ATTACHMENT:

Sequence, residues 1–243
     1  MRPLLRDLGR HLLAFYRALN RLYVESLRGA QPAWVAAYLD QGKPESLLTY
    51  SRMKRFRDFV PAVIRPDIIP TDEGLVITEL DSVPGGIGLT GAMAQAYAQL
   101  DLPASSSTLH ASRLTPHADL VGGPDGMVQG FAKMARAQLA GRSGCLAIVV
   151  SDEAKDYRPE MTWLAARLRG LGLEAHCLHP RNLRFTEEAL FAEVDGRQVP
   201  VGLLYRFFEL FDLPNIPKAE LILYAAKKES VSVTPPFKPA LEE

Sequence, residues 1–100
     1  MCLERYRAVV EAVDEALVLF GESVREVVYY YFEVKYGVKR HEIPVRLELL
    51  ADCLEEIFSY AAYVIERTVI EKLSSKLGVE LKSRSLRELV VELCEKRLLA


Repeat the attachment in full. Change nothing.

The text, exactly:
Sequence, residues 1–243
     1  MRPLLRDLGR HLLAFYRALN RLYVESLRGA QPAWVAAYLD QGKPESLLTY
    51  SRMKRFRDFV PAVIRPDIIP TDEGLVITEL DSVPGGIGLT GAMAQAYAQL
   101  DLPASSSTLH ASRLTPHADL VGGPDGMVQG FAKMARAQLA GRSGCLAIVV
   151  SDEAKDYRPE MTWLAARLRG LGLEAHCLHP RNLRFTEEAL FAEVDGRQVP
   201  VGLLYRFFEL FDLPNIPKAE LILYAAKKES VSVTPPFKPA LEE

Sequence, residues 1–100
     1  MCLERYRAVV EAVDEALVLF GESVREVVYY YFEVKYGVKR HEIPVRLELL
    51  ADCLEEIFSY AAYVIERTVI EKLSSKLGVE LKSRSLRELV VELCEKRLLA